By Dan Whitcomb
LOS ANGELES, June 23 (Reuters) - The U.S. Pacific Northwest could experience a historic heat wave in the coming days that has the potential to shatter long-standing temperature records, strain power grids and endanger vulnerable residents, forecasters said on Wednesday.
A high-pressure dome was building over the upper northwest and Canada, the National Weather Service said, similar to the atmospheric conditions that punished California and U.S. Southwestern states last week.
"This will be setting the stage for the beginning of a potential historic heat wave for the Northwest this weekend," the weather service said in issuing excessive heat watches for parts of California, Oregon and Washington state.
"While record high temperature are not expected over the next two days over the Northwest, the high temperatures will still be 10 to 20 degrees above average and lead into the weekend when numerous record highs are likely," the weather service said.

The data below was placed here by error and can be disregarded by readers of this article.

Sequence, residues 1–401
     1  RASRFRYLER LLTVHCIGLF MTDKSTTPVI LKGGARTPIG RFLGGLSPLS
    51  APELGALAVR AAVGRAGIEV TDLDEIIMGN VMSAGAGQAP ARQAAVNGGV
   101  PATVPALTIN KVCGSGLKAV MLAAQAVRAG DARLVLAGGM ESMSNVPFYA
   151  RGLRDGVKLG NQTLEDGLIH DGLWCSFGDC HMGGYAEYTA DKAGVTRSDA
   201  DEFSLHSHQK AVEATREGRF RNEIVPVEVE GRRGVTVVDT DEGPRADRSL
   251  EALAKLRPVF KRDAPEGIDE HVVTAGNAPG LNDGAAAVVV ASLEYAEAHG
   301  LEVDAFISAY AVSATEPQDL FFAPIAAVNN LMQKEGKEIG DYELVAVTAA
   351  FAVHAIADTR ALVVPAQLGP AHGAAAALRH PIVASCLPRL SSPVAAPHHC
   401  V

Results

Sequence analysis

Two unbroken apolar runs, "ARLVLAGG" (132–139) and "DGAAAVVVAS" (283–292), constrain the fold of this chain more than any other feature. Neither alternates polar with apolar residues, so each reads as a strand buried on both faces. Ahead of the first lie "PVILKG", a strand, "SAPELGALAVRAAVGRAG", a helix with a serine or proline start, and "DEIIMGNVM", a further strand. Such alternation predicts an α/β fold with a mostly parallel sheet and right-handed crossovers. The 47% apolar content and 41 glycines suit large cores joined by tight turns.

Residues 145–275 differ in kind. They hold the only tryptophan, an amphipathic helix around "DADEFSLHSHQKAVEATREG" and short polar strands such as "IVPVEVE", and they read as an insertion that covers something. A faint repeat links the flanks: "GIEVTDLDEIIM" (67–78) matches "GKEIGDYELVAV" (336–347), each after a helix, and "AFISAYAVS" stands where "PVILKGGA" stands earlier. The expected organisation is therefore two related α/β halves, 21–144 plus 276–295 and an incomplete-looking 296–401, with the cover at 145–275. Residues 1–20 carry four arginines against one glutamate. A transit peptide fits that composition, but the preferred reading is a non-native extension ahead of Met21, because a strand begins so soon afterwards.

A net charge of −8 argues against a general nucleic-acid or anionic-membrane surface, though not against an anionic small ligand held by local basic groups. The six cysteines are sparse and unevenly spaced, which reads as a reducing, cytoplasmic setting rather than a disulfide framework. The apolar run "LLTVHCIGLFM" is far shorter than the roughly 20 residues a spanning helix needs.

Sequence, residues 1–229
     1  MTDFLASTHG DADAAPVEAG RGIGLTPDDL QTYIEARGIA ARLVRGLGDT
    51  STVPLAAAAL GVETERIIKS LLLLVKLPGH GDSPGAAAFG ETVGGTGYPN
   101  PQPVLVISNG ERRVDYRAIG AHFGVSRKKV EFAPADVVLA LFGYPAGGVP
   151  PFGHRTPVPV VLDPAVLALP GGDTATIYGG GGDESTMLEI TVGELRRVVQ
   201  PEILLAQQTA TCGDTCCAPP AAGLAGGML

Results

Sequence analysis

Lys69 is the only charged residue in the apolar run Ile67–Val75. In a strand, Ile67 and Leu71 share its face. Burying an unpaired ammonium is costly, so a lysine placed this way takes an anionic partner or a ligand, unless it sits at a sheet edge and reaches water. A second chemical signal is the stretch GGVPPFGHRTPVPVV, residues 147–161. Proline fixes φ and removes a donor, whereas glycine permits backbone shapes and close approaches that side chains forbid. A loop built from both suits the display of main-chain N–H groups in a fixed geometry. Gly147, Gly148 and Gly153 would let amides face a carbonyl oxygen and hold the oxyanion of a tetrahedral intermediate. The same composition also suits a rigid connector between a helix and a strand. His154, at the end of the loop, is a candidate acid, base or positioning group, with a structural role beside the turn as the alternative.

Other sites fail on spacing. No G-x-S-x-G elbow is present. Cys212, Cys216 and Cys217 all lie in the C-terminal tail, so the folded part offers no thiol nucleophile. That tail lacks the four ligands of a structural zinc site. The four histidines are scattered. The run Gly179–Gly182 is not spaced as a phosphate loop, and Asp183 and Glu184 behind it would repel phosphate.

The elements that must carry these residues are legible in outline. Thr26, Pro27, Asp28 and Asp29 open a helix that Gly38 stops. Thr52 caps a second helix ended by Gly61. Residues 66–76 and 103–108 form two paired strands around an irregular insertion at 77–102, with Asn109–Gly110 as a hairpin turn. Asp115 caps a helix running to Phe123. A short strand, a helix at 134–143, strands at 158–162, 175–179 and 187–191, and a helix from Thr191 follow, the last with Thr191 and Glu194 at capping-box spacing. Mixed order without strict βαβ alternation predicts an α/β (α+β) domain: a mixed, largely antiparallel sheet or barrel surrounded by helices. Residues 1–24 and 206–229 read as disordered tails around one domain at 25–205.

Experts say extreme weather events such as the late-spring heat waves that have descended on parts of the United States this year can't be linked directly to climate change.
But more unusual weather patterns could become more common amid rising global temperatures, National Weather Service meteorologist Eric Schoening told Reuters in an interview last week.
In issuing excessive heat watches and warnings, the weather services said that high temperatures can be dangerous, advising U.S. Northwest residents to stay indoors during the hottest parts of the afternoon and care for children, pets and the elderly.
Record-breaking temperatures could also trigger a repeat of the strained power grids in several states last week as wilting residents cranked up air conditioners.
The weather service was also expected to issue new red flag warnings in California and elsewhere to advise that the brutal conditions raise the risk of wildfires.
Wildfires scorched more than 6,500 square miles (17,000 square km) of land in 2020, destroying hundreds of Californian homes during a particularly fierce fire season. (Reporting by Dan Whitcomb; editing by Jonathan Oatis)